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Subscribe to stay informed of xMinds events, opportunities for advocacy, relevant news articles, and regional programs, lectures, and workshops to help parents and educators improve the educational experiences of students on the autism spectrum.
"... the most important considerations in devising educational programs for children with autistic spectrum disorders have to do with recognition of the autism spectrum as a whole, with the concomitant implications for social, communicative, and behavioral development and learning, and with the understanding of the strengths and weaknesses of the individual child across areas of development."
—Educating Children with Autism, 2001
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Advocacy
An advocate is simply anyone who speaks in support or defense of a person or cause. A parent can advocate for her child on the autism spectrum by becoming knowledgeable about autism and how it affects her child, and by sharing this information with family, friends, and the school community. A teacher can advocate for a student by understanding how autism affects the student's behavior and learning style in the classroom and by conveying this information in a sensitive manner to other students and school staff. A student with autism can advocate for himself by understanding how his behavior is perceived by others, how he learns and the accommodations he needs, and how and when to appropriately share this information with peers, educators, and other authority figures. 

 xMinds advocates for:
Knowledge and Understanding. Prominent autism organizations often promote the image of a lower-functioning, classically autistic child as the typical representation of autism spectrum disorders. These children can show more easily detected symptoms of autism: stereotypical behavior such as flapping, little eye contact, and/or limited conversational ability. At first glance, children with autism/Aspergers syndrome may appear mostly normal, but these children are different—their brains process information very differently. When people are unaware that a child has autism/Aspergers, they mistakenly assume that the child can control his behavior and attribute any inappropriate behavior they see to over-indulgent parenting or simply the fault of the child himself. We are committed to educating school communities about how children with autism/Aspergers can appear to others, why they might behave the way they do, and how to include them in the classroom and school activities.

Working in Montgomery County Maryland, we increase the awareness of school board members and other policy makers of the characteristics of autism and how these characteristics result in challenges to educating children with autism/Aspergers. We promote awareness among policy makers about the successes and challenges families and teachers are experiencing in Montgomery County Public Schools.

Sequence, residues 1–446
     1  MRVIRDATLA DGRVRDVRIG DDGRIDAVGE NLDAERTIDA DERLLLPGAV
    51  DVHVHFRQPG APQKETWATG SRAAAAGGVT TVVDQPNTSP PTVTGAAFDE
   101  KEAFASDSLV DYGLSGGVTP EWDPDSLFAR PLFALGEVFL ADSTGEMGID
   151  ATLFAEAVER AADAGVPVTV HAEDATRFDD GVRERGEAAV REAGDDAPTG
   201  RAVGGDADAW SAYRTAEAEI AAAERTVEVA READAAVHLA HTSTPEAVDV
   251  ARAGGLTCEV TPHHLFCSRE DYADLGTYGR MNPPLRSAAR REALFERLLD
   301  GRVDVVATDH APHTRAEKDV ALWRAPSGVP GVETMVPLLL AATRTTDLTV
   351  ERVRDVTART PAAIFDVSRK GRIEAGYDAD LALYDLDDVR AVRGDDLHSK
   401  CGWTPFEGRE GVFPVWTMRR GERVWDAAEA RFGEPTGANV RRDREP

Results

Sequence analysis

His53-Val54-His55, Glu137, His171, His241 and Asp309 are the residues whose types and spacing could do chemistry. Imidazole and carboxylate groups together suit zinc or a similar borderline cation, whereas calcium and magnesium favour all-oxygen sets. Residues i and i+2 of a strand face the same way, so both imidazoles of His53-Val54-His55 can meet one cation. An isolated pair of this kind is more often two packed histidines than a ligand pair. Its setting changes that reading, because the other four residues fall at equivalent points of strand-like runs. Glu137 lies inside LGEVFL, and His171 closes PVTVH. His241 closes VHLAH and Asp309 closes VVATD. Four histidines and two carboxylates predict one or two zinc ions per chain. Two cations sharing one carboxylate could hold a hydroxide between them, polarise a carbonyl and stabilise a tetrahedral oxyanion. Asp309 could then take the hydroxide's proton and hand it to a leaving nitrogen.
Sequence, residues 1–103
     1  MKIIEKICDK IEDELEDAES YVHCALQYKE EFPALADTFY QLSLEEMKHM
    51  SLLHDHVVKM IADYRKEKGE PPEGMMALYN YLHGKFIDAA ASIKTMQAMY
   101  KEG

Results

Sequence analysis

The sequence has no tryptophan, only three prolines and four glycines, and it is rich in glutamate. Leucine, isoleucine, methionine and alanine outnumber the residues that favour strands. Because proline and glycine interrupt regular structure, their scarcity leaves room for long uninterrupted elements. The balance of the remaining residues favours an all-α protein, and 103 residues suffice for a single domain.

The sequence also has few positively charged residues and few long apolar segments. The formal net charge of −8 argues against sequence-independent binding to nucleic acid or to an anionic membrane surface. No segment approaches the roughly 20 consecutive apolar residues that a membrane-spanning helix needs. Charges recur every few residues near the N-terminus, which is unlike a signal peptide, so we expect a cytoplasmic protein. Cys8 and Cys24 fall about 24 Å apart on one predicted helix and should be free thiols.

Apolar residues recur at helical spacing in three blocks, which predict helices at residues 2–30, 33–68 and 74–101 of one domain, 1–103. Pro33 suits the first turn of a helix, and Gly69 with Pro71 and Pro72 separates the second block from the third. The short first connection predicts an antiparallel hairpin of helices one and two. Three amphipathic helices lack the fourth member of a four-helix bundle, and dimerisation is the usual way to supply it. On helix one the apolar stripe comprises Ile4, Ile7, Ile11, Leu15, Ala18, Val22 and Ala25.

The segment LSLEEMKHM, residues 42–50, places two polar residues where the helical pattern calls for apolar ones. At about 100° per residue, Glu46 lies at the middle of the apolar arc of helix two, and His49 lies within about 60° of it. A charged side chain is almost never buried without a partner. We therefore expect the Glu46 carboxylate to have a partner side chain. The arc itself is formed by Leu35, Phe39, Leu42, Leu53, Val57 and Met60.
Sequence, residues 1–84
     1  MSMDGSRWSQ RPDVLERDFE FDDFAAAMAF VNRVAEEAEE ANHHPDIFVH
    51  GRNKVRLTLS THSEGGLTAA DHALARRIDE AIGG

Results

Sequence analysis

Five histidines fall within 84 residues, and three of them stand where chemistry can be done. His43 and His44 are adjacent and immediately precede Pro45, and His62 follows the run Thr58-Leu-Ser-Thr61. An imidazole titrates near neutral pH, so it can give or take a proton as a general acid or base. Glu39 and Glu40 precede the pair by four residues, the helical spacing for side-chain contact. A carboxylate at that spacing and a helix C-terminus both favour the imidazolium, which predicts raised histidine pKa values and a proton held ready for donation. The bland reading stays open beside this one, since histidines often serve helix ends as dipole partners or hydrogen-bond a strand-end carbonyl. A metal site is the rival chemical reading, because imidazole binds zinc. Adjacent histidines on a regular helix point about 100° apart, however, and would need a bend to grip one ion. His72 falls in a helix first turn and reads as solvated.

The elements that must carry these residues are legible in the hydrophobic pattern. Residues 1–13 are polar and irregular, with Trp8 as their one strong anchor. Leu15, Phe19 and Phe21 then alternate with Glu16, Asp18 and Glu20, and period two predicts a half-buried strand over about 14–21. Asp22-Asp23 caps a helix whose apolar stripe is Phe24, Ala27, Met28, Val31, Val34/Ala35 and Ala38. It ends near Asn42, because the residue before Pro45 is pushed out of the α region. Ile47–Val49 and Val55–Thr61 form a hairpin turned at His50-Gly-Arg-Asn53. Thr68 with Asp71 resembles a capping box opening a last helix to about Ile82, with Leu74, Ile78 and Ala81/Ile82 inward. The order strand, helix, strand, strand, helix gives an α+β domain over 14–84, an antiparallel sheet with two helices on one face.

Trained Staff. It is essential that all staff who work with students on the autism spectrum receive general training to understand the unique characteristics of children with high-functioning autism and Asperger's Syndrome. Bus drivers and aides, cafeteria staff, and office staff need to know that the student has a developmental disability that affects how she thinks and behaves. Because autism/Asperger's Syndrome is mostly an "invisible" disability, staff may misinterpret inappropriate behavior as purposeful if they don't have this information. Additionally, all teachers and paraeducators who work directly with the student need to understand the individual's strengths and challenges, and the strategies that are effective in managing challenging behaviors.

Continuum of Placements. The levels of support needed by children on the autism spectrum can vary greatly from the most-restrictive, self-contained classroom to the least-restrictive general education classroom; therefore xMinds advocates for a continuum of placements to serve children on the autism spectrum.

Informed Parents. In order to understand and evaluate educational options and to participate fully as members of their child’s IEP Team, parents must have all information about placements, services, and accommodations that are appropriate for their child before the annual IEP Team Meeting. We support families in understanding the educational placements, services, and accommodations available in Montgomery County Maryland.
 
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